This article originally appeared on VICE US.
After taking LSD, Bill stood in his kitchen in Merseyside, England, staring at a large tree. When the tree started to speak to him, Bill only found it strange that the tree didn't formally introduce itself, he told VICE in 2017.
During the rest of their 15 minute chat, the tree clued Bill in to the profound fact that all life on earth—plant, animal, and human—was intimately connected. "It was as if someone was inside my head judging my feelings, my thoughts, and my emotions," Bill said. "It was also a two-way street, though: I could feel how old he was—he's obviously been through a lot with the way the earth is and how the town I live in was built up around him."
Anyone who has tripped—especially outdoors—knows that psychedelics, like LSD, mushrooms, DMT, or mescaline, can provoke sensations of awe and wonder at the natural world. This has been replicated in more formal settings too—in January 2018, scientists from Imperial College London found that psilocybin, the active ingredient in magic mushrooms, led to a significant increase in feelings of connection to nature after just one dose. Seven to 12 months later, that increase persisted.
“Before I enjoyed nature, now I feel part of it. Before I was looking at it as a thing, like TV or a painting…” one person in the study said. “[But now I see] there’s no separation or distinction, you are it.”
Psychedelics have been shown to help with addiction, anxiety, and depression. But outside the scope of mental illness, researchers are also asking how they can change personality traits and beliefs. An increase in nature-relatedness has been shown to be a unique predictor of happiness. But it is also associated with the planet’s well-being: There's a demonstrated link between having a relationship to nature and pro-environmental behaviour.
A psychedelically-imposed connection with nature could do more than make for a Alice-in-Wonderland-esque story later. In the face of an impending climate crisis, there's a need to know why some people are motivated to act environmentally and others not.
The United Nations recently said that there are only 11 years left to prevent "irreversible damage" from a warming Earth. And yet a Pew Research survey from 2017 found that while three-quarters of Americans were concerned about personally helping the environment, only one in five actually make an effort in their daily lives. Meanwhile, the 100 companies responsible for 71 percent of global emissions take no decisive action to curb their impact, nor do governments hold them accountable.
In the face of an impending climate crisis, there's a need to know why some people are motivated to act environmentally and others not.
Researchers find that bombarding people with facts about climate isn't the best tactic. Dissecting the psychedelic experience could help policy makers, scientists, and journalists attempt to recreate the core feeling of relatedness that the drugs bring about: the sense that nature is a part of us, our bodies, our lives, and that we are a part of it. Capturing that might lead people to act to protect the planet, since the planet is an extension of themselves.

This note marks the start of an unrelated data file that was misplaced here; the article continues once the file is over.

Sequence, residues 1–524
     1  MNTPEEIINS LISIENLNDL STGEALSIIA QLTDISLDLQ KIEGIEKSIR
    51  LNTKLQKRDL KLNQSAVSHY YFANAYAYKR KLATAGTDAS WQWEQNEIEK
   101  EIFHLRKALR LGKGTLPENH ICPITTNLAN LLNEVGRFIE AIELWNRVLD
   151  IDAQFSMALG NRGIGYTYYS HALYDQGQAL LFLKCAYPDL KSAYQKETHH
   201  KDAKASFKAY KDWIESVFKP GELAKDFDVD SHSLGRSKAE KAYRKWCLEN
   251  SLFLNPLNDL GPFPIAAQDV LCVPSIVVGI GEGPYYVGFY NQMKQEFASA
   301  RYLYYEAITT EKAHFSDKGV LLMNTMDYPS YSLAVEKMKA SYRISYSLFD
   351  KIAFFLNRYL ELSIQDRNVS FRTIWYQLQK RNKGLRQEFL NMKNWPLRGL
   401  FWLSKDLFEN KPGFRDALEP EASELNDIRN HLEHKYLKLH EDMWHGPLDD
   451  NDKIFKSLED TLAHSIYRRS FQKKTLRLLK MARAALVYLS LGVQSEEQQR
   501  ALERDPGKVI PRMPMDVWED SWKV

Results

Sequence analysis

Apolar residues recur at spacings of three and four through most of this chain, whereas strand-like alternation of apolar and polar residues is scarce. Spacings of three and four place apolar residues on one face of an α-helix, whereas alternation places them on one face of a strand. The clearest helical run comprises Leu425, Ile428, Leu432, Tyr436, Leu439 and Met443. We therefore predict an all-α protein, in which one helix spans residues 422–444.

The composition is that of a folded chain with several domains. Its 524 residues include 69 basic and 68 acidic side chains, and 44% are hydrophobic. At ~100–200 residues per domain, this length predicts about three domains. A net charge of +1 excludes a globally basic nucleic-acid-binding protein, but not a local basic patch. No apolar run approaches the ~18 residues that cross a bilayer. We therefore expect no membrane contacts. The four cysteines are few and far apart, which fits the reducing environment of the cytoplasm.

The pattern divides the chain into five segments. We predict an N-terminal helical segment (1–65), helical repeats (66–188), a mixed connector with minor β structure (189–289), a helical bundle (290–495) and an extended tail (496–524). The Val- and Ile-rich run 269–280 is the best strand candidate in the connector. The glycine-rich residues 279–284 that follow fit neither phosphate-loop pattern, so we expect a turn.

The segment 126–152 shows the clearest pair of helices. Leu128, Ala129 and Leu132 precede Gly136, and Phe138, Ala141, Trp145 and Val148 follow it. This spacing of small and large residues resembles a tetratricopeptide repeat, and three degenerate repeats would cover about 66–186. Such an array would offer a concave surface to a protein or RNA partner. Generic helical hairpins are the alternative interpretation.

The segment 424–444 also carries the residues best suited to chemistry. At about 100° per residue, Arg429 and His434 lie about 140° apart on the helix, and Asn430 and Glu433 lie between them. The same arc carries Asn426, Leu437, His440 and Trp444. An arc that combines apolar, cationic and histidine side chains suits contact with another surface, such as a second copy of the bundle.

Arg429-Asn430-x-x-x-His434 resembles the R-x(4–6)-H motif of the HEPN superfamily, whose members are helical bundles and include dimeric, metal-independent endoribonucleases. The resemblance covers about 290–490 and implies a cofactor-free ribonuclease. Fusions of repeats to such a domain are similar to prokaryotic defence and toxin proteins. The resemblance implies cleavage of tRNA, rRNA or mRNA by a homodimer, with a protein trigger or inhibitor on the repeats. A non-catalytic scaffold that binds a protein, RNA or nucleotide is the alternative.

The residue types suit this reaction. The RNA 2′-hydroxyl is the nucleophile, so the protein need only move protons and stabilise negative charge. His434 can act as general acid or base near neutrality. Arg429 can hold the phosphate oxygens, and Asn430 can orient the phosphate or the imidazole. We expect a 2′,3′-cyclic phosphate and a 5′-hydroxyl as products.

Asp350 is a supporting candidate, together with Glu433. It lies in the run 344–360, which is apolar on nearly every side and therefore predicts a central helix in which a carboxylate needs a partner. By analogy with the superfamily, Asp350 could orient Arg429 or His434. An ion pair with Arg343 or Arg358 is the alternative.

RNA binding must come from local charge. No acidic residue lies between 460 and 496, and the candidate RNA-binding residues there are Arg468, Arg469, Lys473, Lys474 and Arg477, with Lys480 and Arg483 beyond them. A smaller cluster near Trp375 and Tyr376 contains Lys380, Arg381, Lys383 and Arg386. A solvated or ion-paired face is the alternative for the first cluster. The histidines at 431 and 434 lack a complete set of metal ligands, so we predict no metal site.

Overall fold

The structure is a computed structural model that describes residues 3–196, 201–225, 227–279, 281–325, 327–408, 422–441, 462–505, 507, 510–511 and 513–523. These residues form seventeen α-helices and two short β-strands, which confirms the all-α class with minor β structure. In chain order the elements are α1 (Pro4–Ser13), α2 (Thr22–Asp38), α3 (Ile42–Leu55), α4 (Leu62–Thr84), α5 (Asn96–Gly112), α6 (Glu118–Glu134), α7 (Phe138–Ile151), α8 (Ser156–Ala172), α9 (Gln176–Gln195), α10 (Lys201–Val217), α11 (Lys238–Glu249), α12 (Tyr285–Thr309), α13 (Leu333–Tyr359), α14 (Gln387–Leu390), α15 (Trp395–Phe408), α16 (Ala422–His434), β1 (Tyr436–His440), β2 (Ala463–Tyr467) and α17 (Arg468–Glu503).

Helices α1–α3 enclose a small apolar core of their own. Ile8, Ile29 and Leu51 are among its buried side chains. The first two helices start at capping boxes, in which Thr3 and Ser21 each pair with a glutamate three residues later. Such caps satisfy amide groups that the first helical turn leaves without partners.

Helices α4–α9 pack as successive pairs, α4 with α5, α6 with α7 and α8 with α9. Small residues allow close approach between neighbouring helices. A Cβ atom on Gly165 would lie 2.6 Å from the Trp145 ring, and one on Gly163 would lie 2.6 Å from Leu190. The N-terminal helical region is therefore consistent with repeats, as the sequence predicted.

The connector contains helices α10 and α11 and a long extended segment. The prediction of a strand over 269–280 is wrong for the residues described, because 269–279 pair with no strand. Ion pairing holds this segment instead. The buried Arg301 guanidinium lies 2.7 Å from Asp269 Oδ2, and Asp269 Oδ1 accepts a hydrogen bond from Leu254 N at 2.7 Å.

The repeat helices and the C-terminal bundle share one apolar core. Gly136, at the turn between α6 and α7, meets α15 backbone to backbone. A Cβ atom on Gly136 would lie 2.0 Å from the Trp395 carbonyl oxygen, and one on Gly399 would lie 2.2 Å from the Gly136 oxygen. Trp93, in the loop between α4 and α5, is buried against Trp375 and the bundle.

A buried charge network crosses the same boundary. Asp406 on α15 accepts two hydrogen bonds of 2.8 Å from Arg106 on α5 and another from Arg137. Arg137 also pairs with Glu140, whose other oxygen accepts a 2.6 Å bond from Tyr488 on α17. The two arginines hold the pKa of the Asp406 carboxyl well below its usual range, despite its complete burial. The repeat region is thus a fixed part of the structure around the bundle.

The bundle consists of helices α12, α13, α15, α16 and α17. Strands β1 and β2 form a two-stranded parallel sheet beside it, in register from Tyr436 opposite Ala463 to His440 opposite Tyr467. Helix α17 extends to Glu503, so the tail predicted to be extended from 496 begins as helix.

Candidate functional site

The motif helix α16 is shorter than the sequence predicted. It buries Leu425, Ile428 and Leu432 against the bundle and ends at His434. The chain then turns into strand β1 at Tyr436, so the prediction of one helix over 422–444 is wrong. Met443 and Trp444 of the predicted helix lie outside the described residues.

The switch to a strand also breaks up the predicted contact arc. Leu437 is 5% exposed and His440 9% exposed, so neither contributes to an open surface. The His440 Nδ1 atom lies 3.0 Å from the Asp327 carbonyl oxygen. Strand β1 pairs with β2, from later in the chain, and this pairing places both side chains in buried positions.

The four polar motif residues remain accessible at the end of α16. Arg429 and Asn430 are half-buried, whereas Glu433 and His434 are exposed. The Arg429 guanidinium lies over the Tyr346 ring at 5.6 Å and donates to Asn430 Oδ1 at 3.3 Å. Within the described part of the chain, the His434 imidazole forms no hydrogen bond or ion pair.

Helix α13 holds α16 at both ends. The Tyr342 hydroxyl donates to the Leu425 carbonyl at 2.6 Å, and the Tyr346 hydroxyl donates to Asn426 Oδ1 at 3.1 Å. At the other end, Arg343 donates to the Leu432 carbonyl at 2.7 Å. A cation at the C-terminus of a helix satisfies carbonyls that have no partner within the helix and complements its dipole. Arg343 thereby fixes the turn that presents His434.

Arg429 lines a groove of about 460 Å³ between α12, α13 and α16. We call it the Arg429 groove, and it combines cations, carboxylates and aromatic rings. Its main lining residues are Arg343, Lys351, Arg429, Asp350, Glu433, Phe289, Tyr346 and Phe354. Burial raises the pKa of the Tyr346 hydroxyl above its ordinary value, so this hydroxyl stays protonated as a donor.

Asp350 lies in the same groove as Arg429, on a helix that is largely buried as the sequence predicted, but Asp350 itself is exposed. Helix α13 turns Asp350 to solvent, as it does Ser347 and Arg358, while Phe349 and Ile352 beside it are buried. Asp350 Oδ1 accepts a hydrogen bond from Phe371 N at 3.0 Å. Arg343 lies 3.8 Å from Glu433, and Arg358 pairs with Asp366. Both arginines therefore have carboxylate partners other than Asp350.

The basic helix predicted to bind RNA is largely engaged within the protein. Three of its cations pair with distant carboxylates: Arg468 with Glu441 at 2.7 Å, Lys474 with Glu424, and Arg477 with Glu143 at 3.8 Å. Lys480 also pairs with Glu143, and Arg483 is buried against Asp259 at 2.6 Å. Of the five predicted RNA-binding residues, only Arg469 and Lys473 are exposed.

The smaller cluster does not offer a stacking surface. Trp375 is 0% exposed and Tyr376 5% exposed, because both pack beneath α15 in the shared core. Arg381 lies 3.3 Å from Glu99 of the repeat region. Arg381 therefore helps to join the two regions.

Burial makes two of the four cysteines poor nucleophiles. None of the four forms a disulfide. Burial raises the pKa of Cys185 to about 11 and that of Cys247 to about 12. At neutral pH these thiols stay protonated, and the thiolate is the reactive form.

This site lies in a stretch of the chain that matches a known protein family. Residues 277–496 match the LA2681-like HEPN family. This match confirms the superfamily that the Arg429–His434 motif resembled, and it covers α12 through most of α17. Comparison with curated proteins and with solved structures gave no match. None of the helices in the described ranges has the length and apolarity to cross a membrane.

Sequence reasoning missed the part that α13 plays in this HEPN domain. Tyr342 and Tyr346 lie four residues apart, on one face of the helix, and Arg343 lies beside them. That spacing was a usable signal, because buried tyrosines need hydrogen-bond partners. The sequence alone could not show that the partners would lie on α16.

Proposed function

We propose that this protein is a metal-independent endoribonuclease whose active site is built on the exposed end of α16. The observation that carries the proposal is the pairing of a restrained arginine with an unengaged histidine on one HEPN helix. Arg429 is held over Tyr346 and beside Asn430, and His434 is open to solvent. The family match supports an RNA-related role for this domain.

Ecologist Aldo Leopold wrote back in 1949, that “we abuse land because we regard it as a commodity belonging to us. When we see land as a community to which we belong, we may begin to use it with love and respect.” Since then, many other ecologists and social psychologists have proposed that a disconnection from nature is partly to blame for our inertia in responding to the climate crisis.
“The ecological devastation we are experiencing now is a side effect of a nature disconnection,” said Sam Gandy, an ecologist and scientific assistant at the Beckley Foundation, a psychedelic research group in the U.K. “Reconnecting us to nature is something I see as one of the most important things we can be working towards right now as a species.”
Of all the factors that predict for pro-environmental behaviour, nature-relatedness and connectedness are the most important, Gandy said. And people who use psychedelics not only report more connectedness, but are also more concerned about the environment than those who use other types of drugs.
We’ve seen this before: In the 1960s and 1970s, frequent use of psychedelic drugs coincided with widespread environmental movements. Some propose that it’s not a coincidence that these things came about together. But proving that the drugs cause environmentalism is a tough claim to make, since perhaps the type of people who take psychedelics also happen to care about the environment.
Matthias Forstmann, a social psychologist and post-doctoral fellow at Yale University, tried to solidify the association in a study from 2017 that surveyed nearly 1,500 people about drug experiences, nature-relatedness, and pro-environmental behaviours, like recycling or saving water. The research controlled for other substances, personality traits, and demographic factors (like age) "and interestingly, then we only found psychedelics to be predictive of nature-relatedness,” Forstmann said.
Forstmann believes that psychedelics promote this connectedness (and subsequent pro-environmental activity) via a much-discussed phenomenon in the drug research world: ego dissolution. Normally, we have a clear understanding of where we stop and the outside world begins, but psychedelics blur that line.
Gandy agreed that ego dissolution is likely a key mechanism. Psychedelics are thought to affect the default mode network, a cluster of interconnected regions of the brain that are most active when the brain is at rest or focused on the inner self.